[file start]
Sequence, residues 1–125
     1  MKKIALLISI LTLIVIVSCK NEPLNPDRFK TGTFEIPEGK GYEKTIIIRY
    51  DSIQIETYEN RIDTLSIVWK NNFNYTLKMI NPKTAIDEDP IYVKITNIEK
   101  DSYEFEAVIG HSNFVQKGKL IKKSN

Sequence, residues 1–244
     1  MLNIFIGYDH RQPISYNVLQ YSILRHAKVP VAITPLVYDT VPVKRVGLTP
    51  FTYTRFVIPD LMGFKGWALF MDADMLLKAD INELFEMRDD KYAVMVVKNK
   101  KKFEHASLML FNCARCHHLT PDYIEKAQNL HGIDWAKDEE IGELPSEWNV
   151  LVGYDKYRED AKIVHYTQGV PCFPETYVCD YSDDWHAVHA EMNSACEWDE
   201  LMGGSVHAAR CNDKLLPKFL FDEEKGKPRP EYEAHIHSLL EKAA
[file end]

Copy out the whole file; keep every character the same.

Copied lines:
Sequence, residues 1–125
     1  MKKIALLISI LTLIVIVSCK NEPLNPDRFK TGTFEIPEGK GYEKTIIIRY
    51  DSIQIETYEN RIDTLSIVWK NNFNYTLKMI NPKTAIDEDP IYVKITNIEK
   101  DSYEFEAVIG HSNFVQKGKL IKKSN

Sequence, residues 1–244
     1  MLNIFIGYDH RQPISYNVLQ YSILRHAKVP VAITPLVYDT VPVKRVGLTP
    51  FTYTRFVIPD LMGFKGWALF MDADMLLKAD INELFEMRDD KYAVMVVKNK
   101  KKFEHASLML FNCARCHHLT PDYIEKAQNL HGIDWAKDEE IGELPSEWNV
   151  LVGYDKYRED AKIVHYTQGV PCFPETYVCD YSDDWHAVHA EMNSACEWDE
   201  LMGGSVHAAR CNDKLLPKFL FDEEKGKPRP EYEAHIHSLL EKAA